"Caelum certe patet, ibimus illi."
("Surely the sky lies open, we will go that way.")
– Ovid, Metamorphoses
1983 XXX
(30th Annual)
University of Rochester
Rochester, New York
"Qui mare tenet, eum necesse est rerum potiri."
("He who commands the sea has a command of everything.")
– Cicero, Ad Atticum
1982 XXIX
(29th Annual)
University of Oklahoma
Norman, Oklahoma
"Auro quaeque ianua panditur."
("A golden key opens any gate.")
1981 XXVIII
(28th Annual)
Miami University
Oxford, Ohio
"Mihi curae futura."
("My care is for the future.")
– Ovid, Metamorphoses
1980 XXVII
(27th Annual)
University of Tennessee
Knoxville, Tennessee
"Nullum saeculum magnis ingeniis clausum est."
("To great talents no era is closed.")
Seneca, Epistulae morales
1979 XXVI
(26th Annual)
Michigan State University
East Lansing, Michigan
"Bene cogitata si excidunt non occidunt."
("Good thoughts, even if they are forgotten, do not perish.")
Publilius Syrus
1978 XXV
(25th Annual)
North Texas State University
Denton, Texas
"Mens invicta manet."
("The mind remains unconquered.")
1977 XXIV
(24th Annual)
Florida State University
Tallahassee, Florida
"As runners we pass on the torch of life."
1976 XXIII
(23rd Annual)
University of Rochester
Rochester, New York
"Not to know what happened before you were born
is to be forever a child."
1975 XXII
(22nd Annual)
Ball State University
Muncie, Indiana
"Forsan et haec olim meminisse iuvabit."
("Perhaps one day it will be pleasing to remember these things.")
– Virgil, Aeneid
1974 XXI
(21st Annual)
University of New Hampshire
Durham, New Hampshire
"Fortiter, fideliter, feliciter"
("Boldly, faithfully, happily")
1973 XX
(20th Annual)
Claremont Colleges
Claremont, California
"Unity in diversity"
1972 XIX
(19th Annual)
Virginia Polytechnic Institute and State University
Blacksburg, Virginia
"Pax in terra"
("Peace on Earth")
1971 XVIII
(18th Annual)
University of Oklahoma
Norman, Oklahoma
n/a
1970 XVII
(17th Annual)
Ohio University
Athens, Ohio
n/a
1969 XVI
(16th Annual)
Tulane University & Loyola University
New Orleans, Louisiana
"Una stella fata nostra coniungit."
("One star connects our fates.")
1968 XV
(15th Annual)
Michigan State University
East Lansing, Michigan
"Otium cum dignitate"
("Leisure with dignity")
– Cicero
1967 XIV
(14th Annual)
University of Arizona
Tucson, Arizona
n/a
1966 XIII
(13th Annual)
Western Kentucky State College
Bowling Green, Kentucky
"Why JCL?"
1965 XII
(12th Annual)
University of Southern California
Los Angeles, California
n/a
1964 XI
(11th Annual)
University of Illinois
UbanaChampaign, Illinois
n/a
1963 X
(10th Annual)
University of Kansas
Lawrence, Kansas
n/a
1962 IX
(9th Annual)
Montana State College
Bozeman, Montana
n/a
1961 VIII
(8th Annual)
Indiana University
Bloomington, Indiana
"Facta non verba"
("Deeds not words")
1960 VII
(7th Annual)
University of New Mexico
Albuquerque, New Mexico
n/a
1959 VI
(6th Annual)
St. Olaf College
Northfield, Minnesota
n/a
1958 V
(5th Annual)
University of Michigan
Ann Arbor, Michigan
n/a
1957 IV
(4th Annual)
Colorado College
Colorado Springs, Colorado
n/a
1956 III
(3rd Annual)
Miami University
Oxford, Ohio
n/a
1955 II
(2nd Annual)
Iowa State Teachers College
Cedar Falls, Iowa
n/a
1954 I
(1st Annual)
Incarnate Word High School
San Antonio, Texas
n/a

Activities[edit]

Certamen[edit]

Main article: Certamen (quiz bowl)

Certamen is a quiz bowl game with questions about Roman history, life, and literature, and Latin vocabulary, grammar, derivatives, and use in English.[5][11]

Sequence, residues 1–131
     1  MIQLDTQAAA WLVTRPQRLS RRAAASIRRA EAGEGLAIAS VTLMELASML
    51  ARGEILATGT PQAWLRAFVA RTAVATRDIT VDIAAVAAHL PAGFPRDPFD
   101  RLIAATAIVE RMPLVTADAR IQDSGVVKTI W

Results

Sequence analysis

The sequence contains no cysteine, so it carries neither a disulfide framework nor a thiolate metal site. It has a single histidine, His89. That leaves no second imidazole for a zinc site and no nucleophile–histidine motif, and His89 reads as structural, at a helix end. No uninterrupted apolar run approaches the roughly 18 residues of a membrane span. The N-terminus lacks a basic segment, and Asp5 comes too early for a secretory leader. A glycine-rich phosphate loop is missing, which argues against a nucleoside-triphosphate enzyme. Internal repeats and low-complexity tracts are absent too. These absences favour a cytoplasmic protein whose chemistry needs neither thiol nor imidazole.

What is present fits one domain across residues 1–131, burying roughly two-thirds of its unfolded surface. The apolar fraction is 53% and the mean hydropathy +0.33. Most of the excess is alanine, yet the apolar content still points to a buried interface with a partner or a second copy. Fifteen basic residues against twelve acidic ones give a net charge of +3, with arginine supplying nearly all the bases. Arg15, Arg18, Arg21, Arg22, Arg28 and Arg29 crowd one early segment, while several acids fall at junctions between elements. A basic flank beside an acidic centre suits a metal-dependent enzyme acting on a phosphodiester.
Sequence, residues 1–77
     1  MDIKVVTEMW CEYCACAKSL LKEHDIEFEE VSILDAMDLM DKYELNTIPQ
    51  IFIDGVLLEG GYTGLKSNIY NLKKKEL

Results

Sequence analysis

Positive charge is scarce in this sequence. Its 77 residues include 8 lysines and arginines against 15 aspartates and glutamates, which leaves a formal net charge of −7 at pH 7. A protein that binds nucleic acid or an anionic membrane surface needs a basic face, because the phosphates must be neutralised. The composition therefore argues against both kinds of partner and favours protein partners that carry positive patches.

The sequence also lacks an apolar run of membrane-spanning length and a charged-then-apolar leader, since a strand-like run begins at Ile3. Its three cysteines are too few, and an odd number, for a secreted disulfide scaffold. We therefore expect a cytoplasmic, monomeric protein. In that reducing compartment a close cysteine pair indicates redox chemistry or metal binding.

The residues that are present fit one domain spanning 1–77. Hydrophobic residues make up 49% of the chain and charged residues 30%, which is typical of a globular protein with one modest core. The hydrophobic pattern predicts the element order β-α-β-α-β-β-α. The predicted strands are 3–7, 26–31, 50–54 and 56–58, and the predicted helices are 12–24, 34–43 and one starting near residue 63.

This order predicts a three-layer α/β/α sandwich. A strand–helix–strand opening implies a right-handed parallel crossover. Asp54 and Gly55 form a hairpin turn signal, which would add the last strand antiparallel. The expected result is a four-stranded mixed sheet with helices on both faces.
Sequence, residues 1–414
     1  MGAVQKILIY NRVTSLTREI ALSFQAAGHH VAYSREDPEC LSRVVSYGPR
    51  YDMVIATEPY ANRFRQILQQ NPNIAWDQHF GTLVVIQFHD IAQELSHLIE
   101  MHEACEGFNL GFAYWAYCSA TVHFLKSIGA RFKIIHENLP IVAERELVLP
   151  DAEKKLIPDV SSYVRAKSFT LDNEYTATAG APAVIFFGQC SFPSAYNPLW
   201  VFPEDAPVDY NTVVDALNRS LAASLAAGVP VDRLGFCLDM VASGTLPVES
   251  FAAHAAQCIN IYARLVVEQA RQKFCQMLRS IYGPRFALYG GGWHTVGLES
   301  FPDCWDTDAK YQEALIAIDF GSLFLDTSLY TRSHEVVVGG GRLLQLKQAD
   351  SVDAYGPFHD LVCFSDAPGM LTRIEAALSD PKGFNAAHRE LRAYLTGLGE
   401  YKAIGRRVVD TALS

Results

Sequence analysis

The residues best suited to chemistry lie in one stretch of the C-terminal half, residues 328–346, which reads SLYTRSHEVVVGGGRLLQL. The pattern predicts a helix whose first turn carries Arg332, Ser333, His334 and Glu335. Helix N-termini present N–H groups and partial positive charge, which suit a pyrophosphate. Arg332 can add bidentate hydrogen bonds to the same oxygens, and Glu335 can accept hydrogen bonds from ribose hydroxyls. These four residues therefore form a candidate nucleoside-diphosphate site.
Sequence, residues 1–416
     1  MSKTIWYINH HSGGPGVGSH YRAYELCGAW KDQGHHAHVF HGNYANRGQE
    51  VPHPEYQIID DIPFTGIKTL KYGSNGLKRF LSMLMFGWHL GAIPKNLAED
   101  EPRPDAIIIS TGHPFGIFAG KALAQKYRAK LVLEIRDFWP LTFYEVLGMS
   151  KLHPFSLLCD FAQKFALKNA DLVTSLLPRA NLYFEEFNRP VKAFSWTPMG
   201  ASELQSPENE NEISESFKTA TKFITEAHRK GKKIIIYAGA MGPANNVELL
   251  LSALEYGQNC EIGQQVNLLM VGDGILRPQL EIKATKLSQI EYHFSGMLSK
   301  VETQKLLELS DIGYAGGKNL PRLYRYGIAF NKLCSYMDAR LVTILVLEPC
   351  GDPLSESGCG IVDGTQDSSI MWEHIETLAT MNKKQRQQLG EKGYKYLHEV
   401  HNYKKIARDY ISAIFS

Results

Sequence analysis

Academic contests[edit]

There are sixteen written tests that JClers may compete in at National Convention.[11]

These tests include grammar and reading comprehension by level, (i.e. Level 1 Latin, Level 2, Advanced (3 and up)). For the fourteen other tests, all take the same test but are ranked by level. These tests are Latin Vocabulary, Latin Derivatives, Latin Literature, Roman History, Ancient Geography, Roman Private Life, Mythology, Greek Life and Literature, Hellenic History, Mottoes (and Abbreviations/Quotations), Greek Derivatives, Classical Art, Academic Heptathlon, and Academic Decathlon. Classical Art and Academic Decathlon are taken separate from other tests, due to the relative specialization and difficulty.

Graphic arts[edit]

JCL delegates can submit artwork in various categories for contest judging.[11]

Creative arts[edit]

Creative Arts at National Convention include Sight Latin Reading, Costume Contest, Latin and English Oratory, and Dramatic Interpretation.[11]

Olympika[edit]

Olympika are athletic events at National Convention. There are Olympika in swimming, track & field, and marathon.[11]

Ludi[edit]

Ludi are events for which sweepstakes points are not awarded. There are Ludi in chess, soccer, ultimate frisbee, basketball, and volleyball which will replace kickball starting with the 2013 convention.[11]

National officers[edit]

At each National Convention, JCL delegates elect student officers. Each state may only field one candidate each year, and never for a position whose incumbent is from the same state. The offices are President, 1st Vice President, 2nd Vice President, Communications Coordinator, Parliamentarian, Historian, and Editor. Voting is typically conducted by school in each state, with delegates casting two votes (for or abstention), with the exception of a delegation of only one JCLer, in which case only one vote is allowed.

During the 2002-2003 school year, current Boston City Councilor Michelle Wu was the NJCL President.[15]

Listed below are the current NJCL Officers (2014–15).[citation needed]

Office Officer Hometown
President Ruiqi He[16] San Antonio, Texas
1st Vice-President Maya Nandakumar[17] San Jose, California
2nd Vice-President Narayan Sundararajan[18] Shaker Heights, Ohio